How do you measure the success of your partners?

Growth is obviously always important. But from a partner point of view, I think relevance in their customer set, their wallet share, their relationship with Cisco is something that we would like to see on a healthy growth trend. And they’re profitable. So we constantly run profitability training sessions with partners, which is essentially telling them where their opportunities to monetise. So I think for us, we always measure our success on how well does the partner grow with us, how relevant do we, as a partnership with Cisco, make our partner in their market, and how healthy is their business with us, how healthy is their Cisco portfolio in terms of our profit and loss. Those three things sound simple, but to get the right balance between them is always hard. But those are the three things we’re always committed to. That a partnership with Cisco should help partners grow, should keep them relevant to their customers, should allow them to target any customer sets that they want to, and should be a profitable business for them.

Considering that the technology has been there in the industry for quite some time now, then why did it take so long to launch WebEx?

The technology has been available for quite some time now. Indian enterprises traditionally conducted meetings encompassing various forms of communication such as chats, audio, and video, all facilitated by on-premise equipment like EPABXs. However, the EPABX world remained somewhat isolated, operating independently from other technological advancements. The onset of the COVID-19 pandemic disrupted this setup, rendering the reliance on on-premise equipment impractical.

Despite a significant return to office in India post-COVID, the reality is that remote participation remains integral to meetings. Therefore, there is a pressing need to integrate on-premise and PSTN calling capabilities to accommodate hybrid work models effectively. This necessity has given rise to a demand for solutions that enable seamless collaboration across different communication channels, marking a significant shift in the landscape of hybrid work environments.

It’s fair to say that the current product offerings are a direct response to the challenges posed by COVID-19. While these products have been available for some time, their relevance and demand have surged, particularly among smaller businesses (SMBs) where cost-effectiveness and ease of use are paramount considerations.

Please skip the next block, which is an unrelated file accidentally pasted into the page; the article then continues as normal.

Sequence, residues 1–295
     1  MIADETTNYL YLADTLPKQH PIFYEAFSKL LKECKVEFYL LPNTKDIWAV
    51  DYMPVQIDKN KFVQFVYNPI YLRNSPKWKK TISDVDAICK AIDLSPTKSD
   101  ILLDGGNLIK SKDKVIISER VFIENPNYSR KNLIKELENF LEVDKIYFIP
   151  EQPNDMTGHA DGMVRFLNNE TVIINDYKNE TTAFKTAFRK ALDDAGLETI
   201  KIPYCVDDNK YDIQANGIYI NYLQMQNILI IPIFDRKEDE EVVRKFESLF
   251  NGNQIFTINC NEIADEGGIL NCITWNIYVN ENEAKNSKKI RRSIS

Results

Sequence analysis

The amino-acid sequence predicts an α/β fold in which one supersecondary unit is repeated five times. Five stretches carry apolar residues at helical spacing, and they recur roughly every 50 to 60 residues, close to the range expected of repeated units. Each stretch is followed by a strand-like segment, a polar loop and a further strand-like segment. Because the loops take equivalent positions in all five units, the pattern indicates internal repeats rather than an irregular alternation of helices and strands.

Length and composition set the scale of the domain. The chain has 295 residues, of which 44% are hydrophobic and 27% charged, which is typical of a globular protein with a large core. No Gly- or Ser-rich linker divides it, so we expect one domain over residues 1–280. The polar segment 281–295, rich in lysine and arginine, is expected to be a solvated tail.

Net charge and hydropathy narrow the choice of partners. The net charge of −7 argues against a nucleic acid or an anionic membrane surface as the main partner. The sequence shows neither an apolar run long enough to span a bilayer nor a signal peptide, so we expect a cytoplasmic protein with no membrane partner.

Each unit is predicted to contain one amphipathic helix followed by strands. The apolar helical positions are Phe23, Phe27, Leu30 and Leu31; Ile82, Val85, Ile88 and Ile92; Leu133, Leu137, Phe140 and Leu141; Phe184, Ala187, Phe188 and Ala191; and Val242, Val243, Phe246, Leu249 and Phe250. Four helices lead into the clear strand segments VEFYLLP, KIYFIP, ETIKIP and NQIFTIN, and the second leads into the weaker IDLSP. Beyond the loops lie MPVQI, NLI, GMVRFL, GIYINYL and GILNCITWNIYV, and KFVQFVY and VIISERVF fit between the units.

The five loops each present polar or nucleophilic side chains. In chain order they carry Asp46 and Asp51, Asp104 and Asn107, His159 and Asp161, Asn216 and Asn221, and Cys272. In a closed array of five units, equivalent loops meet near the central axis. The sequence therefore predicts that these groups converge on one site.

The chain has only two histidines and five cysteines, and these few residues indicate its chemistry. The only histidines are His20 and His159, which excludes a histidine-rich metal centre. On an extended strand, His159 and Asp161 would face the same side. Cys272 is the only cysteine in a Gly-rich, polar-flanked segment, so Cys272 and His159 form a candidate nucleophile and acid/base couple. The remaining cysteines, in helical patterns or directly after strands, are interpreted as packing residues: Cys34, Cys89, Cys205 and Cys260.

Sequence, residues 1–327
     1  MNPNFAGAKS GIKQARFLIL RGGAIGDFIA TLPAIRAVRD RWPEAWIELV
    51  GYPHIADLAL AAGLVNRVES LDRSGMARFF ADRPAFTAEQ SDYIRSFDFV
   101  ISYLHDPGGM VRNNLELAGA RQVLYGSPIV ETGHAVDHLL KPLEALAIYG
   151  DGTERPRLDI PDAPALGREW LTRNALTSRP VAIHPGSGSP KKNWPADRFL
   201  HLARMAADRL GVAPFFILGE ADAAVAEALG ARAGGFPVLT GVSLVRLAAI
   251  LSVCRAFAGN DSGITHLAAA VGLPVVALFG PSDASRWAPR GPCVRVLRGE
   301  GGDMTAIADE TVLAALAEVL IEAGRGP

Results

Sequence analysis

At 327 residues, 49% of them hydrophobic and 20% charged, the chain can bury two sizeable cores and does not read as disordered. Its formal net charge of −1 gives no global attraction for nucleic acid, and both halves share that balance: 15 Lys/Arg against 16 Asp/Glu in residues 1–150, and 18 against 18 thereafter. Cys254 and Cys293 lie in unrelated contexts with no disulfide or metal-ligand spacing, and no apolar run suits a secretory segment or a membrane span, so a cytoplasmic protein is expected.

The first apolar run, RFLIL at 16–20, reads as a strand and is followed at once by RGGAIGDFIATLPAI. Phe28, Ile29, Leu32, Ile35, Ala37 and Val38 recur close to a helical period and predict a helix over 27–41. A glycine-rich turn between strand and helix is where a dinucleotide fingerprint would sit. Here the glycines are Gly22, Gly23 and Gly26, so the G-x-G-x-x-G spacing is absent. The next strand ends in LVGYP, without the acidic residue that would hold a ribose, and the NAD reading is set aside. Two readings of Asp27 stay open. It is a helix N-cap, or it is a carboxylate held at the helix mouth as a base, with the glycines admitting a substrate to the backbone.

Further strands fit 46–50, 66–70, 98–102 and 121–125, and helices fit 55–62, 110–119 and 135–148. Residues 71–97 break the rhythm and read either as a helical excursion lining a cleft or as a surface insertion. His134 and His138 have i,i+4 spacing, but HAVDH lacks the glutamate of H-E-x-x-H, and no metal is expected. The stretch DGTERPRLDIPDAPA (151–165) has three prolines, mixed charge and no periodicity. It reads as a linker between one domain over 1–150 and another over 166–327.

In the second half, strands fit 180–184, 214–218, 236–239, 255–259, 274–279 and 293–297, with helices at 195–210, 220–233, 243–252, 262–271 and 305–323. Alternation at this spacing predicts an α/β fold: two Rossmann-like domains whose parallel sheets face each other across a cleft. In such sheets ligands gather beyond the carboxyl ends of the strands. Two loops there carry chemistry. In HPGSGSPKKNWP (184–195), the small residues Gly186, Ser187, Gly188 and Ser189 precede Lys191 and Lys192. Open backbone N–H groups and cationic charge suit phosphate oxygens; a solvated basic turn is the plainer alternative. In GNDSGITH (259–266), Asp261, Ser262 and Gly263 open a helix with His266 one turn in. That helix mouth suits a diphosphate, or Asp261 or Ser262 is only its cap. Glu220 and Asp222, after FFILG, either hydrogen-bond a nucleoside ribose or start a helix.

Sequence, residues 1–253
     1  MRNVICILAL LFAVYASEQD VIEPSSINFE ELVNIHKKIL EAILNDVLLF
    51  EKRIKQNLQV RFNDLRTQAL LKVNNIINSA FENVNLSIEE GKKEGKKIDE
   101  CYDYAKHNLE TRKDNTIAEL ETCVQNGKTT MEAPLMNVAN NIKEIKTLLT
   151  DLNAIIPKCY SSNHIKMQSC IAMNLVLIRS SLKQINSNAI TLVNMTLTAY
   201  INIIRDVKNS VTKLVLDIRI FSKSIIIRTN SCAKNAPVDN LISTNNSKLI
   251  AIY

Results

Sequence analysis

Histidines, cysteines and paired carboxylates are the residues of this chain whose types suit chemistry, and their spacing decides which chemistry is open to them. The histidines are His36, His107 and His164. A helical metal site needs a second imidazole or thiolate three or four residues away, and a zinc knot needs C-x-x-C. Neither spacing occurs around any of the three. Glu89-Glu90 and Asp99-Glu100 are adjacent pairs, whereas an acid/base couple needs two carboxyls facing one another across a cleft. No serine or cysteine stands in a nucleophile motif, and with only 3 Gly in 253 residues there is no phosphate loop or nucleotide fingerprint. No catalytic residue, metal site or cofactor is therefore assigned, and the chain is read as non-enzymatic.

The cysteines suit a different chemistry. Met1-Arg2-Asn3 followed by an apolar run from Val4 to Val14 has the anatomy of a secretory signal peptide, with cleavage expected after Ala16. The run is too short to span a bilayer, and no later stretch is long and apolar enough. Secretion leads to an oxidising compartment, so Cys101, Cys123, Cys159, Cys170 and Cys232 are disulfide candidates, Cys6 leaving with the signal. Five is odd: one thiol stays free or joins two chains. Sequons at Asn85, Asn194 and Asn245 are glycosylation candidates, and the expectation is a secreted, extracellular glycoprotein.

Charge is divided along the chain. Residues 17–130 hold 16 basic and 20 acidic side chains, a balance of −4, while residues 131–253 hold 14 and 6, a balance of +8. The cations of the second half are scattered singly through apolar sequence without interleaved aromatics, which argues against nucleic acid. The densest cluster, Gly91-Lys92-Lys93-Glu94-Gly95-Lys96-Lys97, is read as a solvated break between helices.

For SMBs, affordability and simplicity are key factors in adopting such solutions. This product bridges the gap, providing SMBs access to enterprise-grade collaboration tools that were previously inaccessible due to their complexity.

But it is expected to be a lot more economical than the previous version. It serves as a middle ground for them. In the previous version, although Indian customers could purchase calling services, they essentially had to establish a private link outside the country, often to Singapore, resulting in higher costs. Naturally, this incurred significant expenses.

So, there’s a commercial advantage for end customers, which we intend to pass on to them through this offer.

Which are the areas your partner should invest to be aligned with Cisco’s direction?

Regarding the life cycle, I’ve already discussed it. Additionally, I’ve mentioned the increasing significance of the software realm. Our recent acquisition of Splunk further solidifies this notion, given its role as a data platform within this context.

Partners with the capability to develop their own intellectual property can effectively distinguish themselves in the market and capitalise on it. Absolutely.

As we further develop our portfolio, it’s crucial to keep it updated and in line with these changes. Not everyone needs to become an API partner, particularly in India, which boasts a large community of software developers. This gives Indian partners a natural advantage in pursuing this direction. 

However, if your goal is to remain as a system integrator or at the v7 level, there’s still ample opportunity within our portfolio. The country offers plenty of scope for you to excel in those roles. In such cases, it’s essential to continue specialising in technologies and maintaining your partnership status.